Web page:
Nov. 23 (Bloomberg) -- News that Warren Buffett is looking for opportunities in Japan is as good as it gets for a nation that has had an awful year.
All Japan needs to do is convince the most famous value investor that it’s deserving of his money. Yet a curious juxtaposition involved in Buffett’s first-ever Japan visit showed why that’s easier said than done.
Buffett was touring a tool plant in Fukushima prefecture, where a nuclear-power plant damaged by the tsunami in March has contaminated the surrounding area. There, he was asked about another calamity putting Japan in a harsh and negative spotlight: the Olympus Corp. scandal. The Berkshire Hathaway Inc. chairman said: “The fact that Olympus happens here or Enron happens in the U.S. doesn’t affect our attitudes at all.”
Think about it, though. The most-watched market guru is standing near one crisis caused by political corruption and being queried about another involving corporate malfeasance. At the heart of both storylines are growth-killing dynamics that have long given Buffett and his ilk pause. While different in their details and magnitude they show how Japan may be too wedded to the past to thrive in a world of intensifying competition.
The Yakuza Question
Olympus, as venerable a name as there is in Japan, demonstrates the point. Investigators want to know what happened to at least $4.9 billion they say is unaccounted for at the camera maker. Of all the bizarre questions surrounding this sordid tale, the role of organized crime groups, or yakuza, is the most tantalizing. Police are looking into how much of the missing cash went into the pockets of these gangs.
“No one can be sure what will be found until the digging is done,” says Jake Adelstein, author of the 2009 book “Tokyo Vice” and a well-known crime reporter in Japan.
With their full-body tattoos and amputated fingers, the yakuza have long held a unique place in the public imagination. Unfortunately, that goes for Japan’s economy, too. Adelstein calls the yakuza “Goldman Sachs with guns” because of the prowess with which their groups’ roughly 80,000 members infiltrate companies through extortion and intimidation.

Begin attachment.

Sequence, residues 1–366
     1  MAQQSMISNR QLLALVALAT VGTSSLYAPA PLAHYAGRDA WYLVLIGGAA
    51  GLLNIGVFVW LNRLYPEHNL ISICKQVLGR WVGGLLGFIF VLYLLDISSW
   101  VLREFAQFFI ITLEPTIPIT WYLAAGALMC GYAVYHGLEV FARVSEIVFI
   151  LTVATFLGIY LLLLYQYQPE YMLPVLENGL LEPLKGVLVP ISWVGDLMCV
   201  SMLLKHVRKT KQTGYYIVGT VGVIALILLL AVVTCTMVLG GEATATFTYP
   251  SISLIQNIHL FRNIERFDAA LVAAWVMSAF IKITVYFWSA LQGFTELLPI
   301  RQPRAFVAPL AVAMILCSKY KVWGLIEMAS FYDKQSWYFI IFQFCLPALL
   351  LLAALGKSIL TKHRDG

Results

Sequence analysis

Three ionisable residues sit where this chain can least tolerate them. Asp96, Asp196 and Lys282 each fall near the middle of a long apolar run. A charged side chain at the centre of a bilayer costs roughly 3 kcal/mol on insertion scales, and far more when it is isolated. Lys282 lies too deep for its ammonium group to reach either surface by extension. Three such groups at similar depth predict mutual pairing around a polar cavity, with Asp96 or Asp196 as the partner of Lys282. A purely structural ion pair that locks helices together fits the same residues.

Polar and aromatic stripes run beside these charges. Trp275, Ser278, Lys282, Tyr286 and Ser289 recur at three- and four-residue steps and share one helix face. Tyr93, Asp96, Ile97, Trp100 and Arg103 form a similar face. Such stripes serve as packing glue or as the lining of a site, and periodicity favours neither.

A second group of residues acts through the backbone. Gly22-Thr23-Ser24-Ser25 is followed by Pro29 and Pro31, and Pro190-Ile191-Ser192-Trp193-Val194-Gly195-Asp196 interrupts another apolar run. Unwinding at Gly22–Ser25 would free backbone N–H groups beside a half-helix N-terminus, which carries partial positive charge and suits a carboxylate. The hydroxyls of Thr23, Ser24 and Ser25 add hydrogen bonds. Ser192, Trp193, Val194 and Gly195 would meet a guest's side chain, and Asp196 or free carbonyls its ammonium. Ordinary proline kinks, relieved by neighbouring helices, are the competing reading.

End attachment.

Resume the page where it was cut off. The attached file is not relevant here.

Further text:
Olympus is the latest reminder of the extent to which the yakuza is intertwined with the corporate culture, and it’s hardly the only household name to get ensnared. In 2009, Fujitsu Ltd. ousted its president for alleged ties to “antisocial forces,” a euphemism in Japan for organized crime. The question is this: If Olympus was mixed up with such sinister forces, which other Nikkei 225 Stock Average companies are?
Prime Minister Yoshihiko Noda is worried that Olympus will sully Japan’s reputation as a well-regulated market economy. Michael Woodford’s travel schedule shows why it may be too late. The former Olympus chief executive-turned-whistleblower forwarded to the whole Olympus board some letters detailing his concerns about mysterious payoffs before he was fired last month. Then Woodford left Japan, fearing for his safety. This week, he will be under police protection as he returns for the first time to meet with investigators.
Seriously? In a Group of Seven nation? Yes, these things can still happen in Japan thanks to a corporate and political aversion to digging to weed out nefarious interests. A compliant media can only make that worse.
A similar conclusion can be drawn from events in Fukushima more than eight months after a record earthquake. It was incestuous ties between government bureaucrats and the power industry that left high-tech Japan so vulnerable to the low-tech ways of Tokyo Electric Power Co., the owner of the damaged Fukushima reactor.
When we think of the mob, we don’t tend to think of publicly traded utilities like Tepco. But how can anyone look at the ways politicians enabled Tepco and its shocking safety lapses over the years and not call it organized corruption? How can the government, knowing what it does now, rally around the nuclear industry?
Woodford’s soul mate in politics, former Prime Minister Naoto Kan, was shown the door in August for asking hard questions. Kan wanted to hold Tepco accountable for the radiation leaking into Tokyo’s food supply. Noda quietly let matters return to the status quo ante for the nuclear-industrial complex that Tepco represents. The losers are the Japanese people who worry about another Chernobyl when the next giant earthquake hits.
All this shows how Japan is shunning the change needed to compete in an age when China sets the pace. Just as illustrative is the ability of rice farmers to imperil passage of international-trade deals. And then there’s corporate Japan with its poison pills, takeover defenses and protection of inefficiencies.
Buffett isn’t the only investor searching for bargains in Japan, but he’s by far the most important. Japan’s markets have been beaten down since the earthquake that forced Buffett to delay his Japan trip. And there are great companies in Japan.
The problem is that too little is taking place in the halls of power to clean up an economic system that has lost its way. The shenanigans at Olympus and Tepco show how much the opacity of the past is constraining what should be a bright future. That won’t be lost on savvy investors like Buffett.
(William Pesek is a Bloomberg View columnist. The opinions expressed are his own.)
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